It’s been almost a year since Gavin Grimm graduated from the Gloucester County School District in Virginia, but a court has finally granted him justice. Though he was forbidden from using the boys’ restroom up until he received his diploma, a federal judge ruled Tuesday that the district was engaging in unlawful discrimination against Grimm as a transgender individual.
Grimm’s legal journey has been a long one. A different federal judge ruled against him in 2016, but the U.S. Court of Appeals for the Fourth Circuit reversed that decision in his favor. The school appealed to the Supreme Court, which agreed to stay the Fourth Circuit’s ruling while it considered the case — preventing Grimm from using the bathroom throughout his senior year.
The Fourth Circuit’s ruling, however, was based on guidance the Obama administration had issued protecting transgender students, which the Trump administration rescinded. As a result, the Supreme Court tossed the case back down to the lower court, essentially making Grimm start the process all over again even as his time at the school was ending.
U.S. District Judge Arenda Wright Allen, an Obama appointee, ruled Tuesday that the school was wrong all along. Borrowing heavily from near-identical cases in Maryland and Wisconsin, Allen concluded that Title IX’s protections on the basis of “sex” extend to individuals on the basis of having a transgender identity.
“This Court joins other courts that have concluded that because the [district’s bathroom] Policy relies on sex-based stereotypes, it is a sex-based classification,” Allen wrote.
The school’s policy had dictated that Grimm could only use the girls’ restroom or one of three single-stall bathrooms — none of which were close to his classes. As a result, he refrained from using the restroom at school, which led to a painful urinary tract infection. He also couldn’t stay long at football games because there was no bathroom at the field he could use.
“Offering restroom alternatives that impose hardships like unreasonable distances to a student’s classroom and increased stigma on a student is inadequate,” Allen wrote. “The location of the bathrooms, coupled with the stigmatization and physical and mental anguish inflicted upon Mr. Grimm, caused harm.”
Allen also dismissed the school’s concerns about other students’ privacy as “conjecture.” Grimm, like Ash Whitaker in the Wisconsin case, “used the boys’ bathrooms for weeks without incident before other adults in the community — not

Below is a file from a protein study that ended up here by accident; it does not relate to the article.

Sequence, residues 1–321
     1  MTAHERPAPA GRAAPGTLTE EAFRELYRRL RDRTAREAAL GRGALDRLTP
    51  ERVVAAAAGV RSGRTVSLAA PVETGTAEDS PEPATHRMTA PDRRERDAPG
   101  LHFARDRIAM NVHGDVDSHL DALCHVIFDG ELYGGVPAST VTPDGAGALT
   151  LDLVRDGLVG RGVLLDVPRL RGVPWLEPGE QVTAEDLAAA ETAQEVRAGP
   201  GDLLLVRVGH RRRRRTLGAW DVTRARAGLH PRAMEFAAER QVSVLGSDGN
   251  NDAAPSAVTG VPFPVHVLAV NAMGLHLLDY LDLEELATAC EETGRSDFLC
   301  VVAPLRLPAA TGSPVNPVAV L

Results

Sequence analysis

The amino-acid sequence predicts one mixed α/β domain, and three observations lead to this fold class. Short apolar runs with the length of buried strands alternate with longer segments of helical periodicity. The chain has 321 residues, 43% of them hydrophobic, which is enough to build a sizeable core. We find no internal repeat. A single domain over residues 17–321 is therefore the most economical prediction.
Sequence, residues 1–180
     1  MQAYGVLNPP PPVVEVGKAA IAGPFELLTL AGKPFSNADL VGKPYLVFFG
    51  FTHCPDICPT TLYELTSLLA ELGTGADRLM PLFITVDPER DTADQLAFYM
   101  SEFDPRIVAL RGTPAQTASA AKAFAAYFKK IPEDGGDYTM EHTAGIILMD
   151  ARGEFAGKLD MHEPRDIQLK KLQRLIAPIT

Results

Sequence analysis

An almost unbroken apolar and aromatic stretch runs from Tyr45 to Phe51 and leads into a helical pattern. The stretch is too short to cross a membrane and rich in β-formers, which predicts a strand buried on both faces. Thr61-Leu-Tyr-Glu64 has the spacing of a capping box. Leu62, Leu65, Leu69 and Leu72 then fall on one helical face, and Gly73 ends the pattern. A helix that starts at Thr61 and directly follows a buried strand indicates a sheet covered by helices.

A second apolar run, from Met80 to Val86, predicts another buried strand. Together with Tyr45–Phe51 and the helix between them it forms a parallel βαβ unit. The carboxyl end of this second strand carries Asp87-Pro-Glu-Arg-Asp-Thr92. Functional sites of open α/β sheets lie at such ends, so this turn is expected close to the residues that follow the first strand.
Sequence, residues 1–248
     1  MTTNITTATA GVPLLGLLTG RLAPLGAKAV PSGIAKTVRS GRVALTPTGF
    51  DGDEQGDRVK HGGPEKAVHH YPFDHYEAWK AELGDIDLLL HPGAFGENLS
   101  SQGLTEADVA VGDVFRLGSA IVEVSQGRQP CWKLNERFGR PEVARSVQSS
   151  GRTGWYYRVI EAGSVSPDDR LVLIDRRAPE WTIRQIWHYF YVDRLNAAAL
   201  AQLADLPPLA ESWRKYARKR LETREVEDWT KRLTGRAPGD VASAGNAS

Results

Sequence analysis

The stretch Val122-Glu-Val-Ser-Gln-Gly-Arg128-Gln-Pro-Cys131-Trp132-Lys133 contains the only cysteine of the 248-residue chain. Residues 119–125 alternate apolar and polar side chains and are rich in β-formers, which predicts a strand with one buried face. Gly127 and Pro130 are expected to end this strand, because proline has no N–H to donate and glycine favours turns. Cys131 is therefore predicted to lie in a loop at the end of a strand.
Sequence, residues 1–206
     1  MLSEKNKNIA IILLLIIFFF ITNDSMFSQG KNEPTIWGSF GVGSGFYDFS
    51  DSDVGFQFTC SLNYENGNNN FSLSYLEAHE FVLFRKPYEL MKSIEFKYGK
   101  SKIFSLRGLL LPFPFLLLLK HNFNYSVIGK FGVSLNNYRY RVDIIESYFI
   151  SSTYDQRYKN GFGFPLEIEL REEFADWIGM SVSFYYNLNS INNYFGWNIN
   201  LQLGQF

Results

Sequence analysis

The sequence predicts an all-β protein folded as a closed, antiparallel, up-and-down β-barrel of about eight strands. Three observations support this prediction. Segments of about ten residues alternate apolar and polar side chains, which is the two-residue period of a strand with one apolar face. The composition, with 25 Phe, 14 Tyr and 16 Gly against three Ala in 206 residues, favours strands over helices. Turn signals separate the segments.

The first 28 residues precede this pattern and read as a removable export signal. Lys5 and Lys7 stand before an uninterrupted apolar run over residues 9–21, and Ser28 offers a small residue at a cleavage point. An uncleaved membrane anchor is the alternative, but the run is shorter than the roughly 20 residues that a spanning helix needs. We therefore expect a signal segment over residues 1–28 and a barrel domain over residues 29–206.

students — complained of this use.” Trans students pose no threat to privacy, and students who feel they want increased privacy could use the single-stall restrooms without a policy segregating Grimm alone to using them.
Like the other courts, Allen also concluded that transgender people constitute what’s known as a “quasi-suspect” class under the Constitution’s guarantee of Equal Protection. This means that if a law targets trans people as a group, courts must examine that law with heightened scrutiny compared to other laws to ensure it doesn’t infringe on trans people’s equality. If adopted as a precedent by higher courts, this would protect trans people discriminatory policies like the district’s bathroom policy.
In a statement Tuesday, Grimm expressed “an incredible sense of relief.”
“After fighting this policy since I was 15 years old, I finally have a court decision saying that what the Gloucester County School Board did to me was wrong and it was against the law,” he said. “I was determined not to give up because I didn’t want any other student to have to suffer the same experience that I had to go through.”
Allen’s decision denied the school’s request for a dismissal and directed the parties to schedule a settlement conference. While it’s possible the school will consider settling the case, as the Wisconsin school did in a similar case, it has shown no interest in doing so before. The Alliance Defending Freedom, an anti-LGBTQ hate group, is representing the district and may continue the fight all the way back to the Supreme Court, where it is currently representing Jack Phillips, the baker who refused to sell a wedding cake to a same-sex couple.